The Battle of Cannae

Gregory DiPippo

August 2nd is the anniversary of one of ancient Rome’s great military disasters, the Battle of Cannae, which took place in the year 216 BC, during the Second Punic War. This was the Romans’ third major defeat in as many years after the famous Carthaginian general Hannibal had invaded Italy in 218, and was followed within weeks by yet another, although on a different front.

Cannae is in the southern Italian region of Puglia, about 8 miles from the Adriatic coast, roughly halfway between Bari and Foggia. Hannibal had marched his army south and seized it in the spring, because it was both an important supply depot, and a location from which one could control the surrounding area. The Roman consuls, Lucius Aemilius Paullus and Gaius Terentius Varro, therefore combined their respective armies, and brought them south and east from Rome to confront him. In the historian Livy’s account, Varro, who had no previous military experience, is the villain of the day, since he caused the disaster by his reckless command decisions, ignoring the better advice of the more prudent and experienced Paullus. It should be noted that many modern scholars view Livy’s account as prejudiced against men of plebeian background like Varro, whose father had been a butcher, and whose political populism clashed with the senatorial ranks that Livy favored. In any event, Paullus was killed towards the end of the battle, while Varro escaped, and continued to play a role in the war, albeit fairly minor, for many years after.

Here is Livy’s account of Paullus’ death, a classic example of Roman courage and stoicism.

“Cn. Lentulus tribunus militum cum praetervehens equo sedentem in saxo cruore oppletum consulem vidisset, ‘L. Aemili’ inquit, ‘quem unum insontem culpae cladis hodiernae dei respicere debent, cape hunc equum, dum et tibi virium aliquid superest, [et] comes ego te tollere possum ac protegere. Ne funestam hanc pugnam morte consulis feceris; etiam sine hoc lacrimarum satis luctusque est.’

Ad ea consul: ‘tu quidem, Cn. Corneli, macte virtute esto; sed cave, frustra miserando exiguum tempus e manibus hostium evadendi absumas. Abi, nuntia publice patribus urbem Romanam muniant ac priusquam victor hostis adveniat praesidiis firment; … Me in hac strage militum meorum patere exspirare, ne aut reus iterum e consulatu sim [aut] accusator collegae exsistam ut alieno crimine innocentiam meam protegam.’

Haec eos agentes prius turba fugientium civium, deinde hostes oppressere; consulem ignorantes quis esset obruere telis. Lentulum in tumultu abripuit equus. Tum undique effuse fugiunt. …

Consul alter, seu forte seu consilio nulli fugientium insertus agmini, cum quinquaginta fere equitibus Venusiam perfugit. …

Haec est pugna [Cannensis], Alliensi cladi nobilitate par, ceterum ut illis quae post pugnam accidere levior, quia ab hoste est cessatum, sic strage exercitus gravior foediorque.”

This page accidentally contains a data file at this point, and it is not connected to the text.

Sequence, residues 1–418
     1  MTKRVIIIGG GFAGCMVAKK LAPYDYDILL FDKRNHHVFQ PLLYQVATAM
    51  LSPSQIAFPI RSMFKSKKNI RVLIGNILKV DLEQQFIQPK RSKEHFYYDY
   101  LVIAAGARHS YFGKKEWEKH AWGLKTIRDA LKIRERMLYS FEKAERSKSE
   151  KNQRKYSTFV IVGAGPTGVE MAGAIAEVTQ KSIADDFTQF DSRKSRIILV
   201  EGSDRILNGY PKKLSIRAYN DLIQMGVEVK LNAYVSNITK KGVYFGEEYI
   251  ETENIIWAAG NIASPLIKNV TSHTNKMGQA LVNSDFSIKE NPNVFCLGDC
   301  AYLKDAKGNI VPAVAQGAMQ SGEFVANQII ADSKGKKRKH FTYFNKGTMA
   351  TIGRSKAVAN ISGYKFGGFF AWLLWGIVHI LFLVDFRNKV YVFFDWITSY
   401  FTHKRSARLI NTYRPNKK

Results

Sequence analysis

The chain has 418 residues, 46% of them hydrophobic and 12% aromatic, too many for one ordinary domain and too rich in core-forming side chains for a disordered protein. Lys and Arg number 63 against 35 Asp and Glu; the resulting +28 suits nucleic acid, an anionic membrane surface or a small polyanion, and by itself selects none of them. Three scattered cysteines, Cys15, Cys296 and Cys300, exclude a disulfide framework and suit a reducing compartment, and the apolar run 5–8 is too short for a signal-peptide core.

(The Death of Aemilius Paullus at the Battle of Cannae, 1773, by the American painter John Trumball (1756-1843). Public domain image from Wikimedia Commons.)

When Cn. Lentulus, a military tribune, saw, as he rode by, the consul covered with blood sitting on a boulder, he said, “Lucius Aemilius, the one man whom the gods must hold guiltless of this day’s disaster, take this horse while you have still some strength left, and I can lift you (into the saddle) and keep by your side to protect you. Do not make this day of battle still more fatal by a consul’s death; there are enough tears and mourning even without that.”

To these words the consul replied, “Well said, Cn. Cornelius, but take that thou not vainly waste in pity what little time remains in which to escape from the enemy’s hands. Go, announce publicly to the senate that they must fortify Rome and make its defenses strong before the victorious enemy approaches, … Allow me to breathe my last amid my slaughtered soldiers, lest I be liable to judgment when I am no longer consul, or appear as the accuser of my colleague, and protect my own innocence by placing the guilt on another.”

As they spoke, a crowd of fugitives came suddenly upon them, then the enemy, who, not knowing who the consul was, overwhelmed him with missiles. Lentulus escaped on horseback in the rush. Then there was flight in all directions. …

The other consul, who either by accident or design had not joined any of these bodies of fugitives, escaped with about fifty cavalry to Venusia. …

Such was the battle of Cannae, as famous as the disaster at the Allia; although not so serious in its results, owing to the enemy’s inaction, but more serious and more horrible for the slaughter of the army. (Ab Urbe Condita 22, 49 et 50)

“The enemy’s inaction” refers to Hannibal’s decision to take a day to consider his next move, rejecting the plan urged by his cavalry commander Maharbal to march on Rome at once. To this decision, the commander replied, “You know how to win, Hannibal, but not how to use your victory”, and perhaps he was right, since despite this series of crushing defeats in the first years of the war, Rome would recover, and finally bring Carthage to disaster. Livy himself comments, “mora eius diei satis creditur saluti fuisse urbi atque imperio. – that one day’s delay is believed to have been enough to save the city and the empire.”

(Hannibal Counting the Rings of the Roman Knights Killed at Cannae, 1704, by the Flemish sculptor Sebastiaen Slodtz (1655-1726); image from Wikimedia Commons by Carole Raddato, CC BY-SA 2.0)

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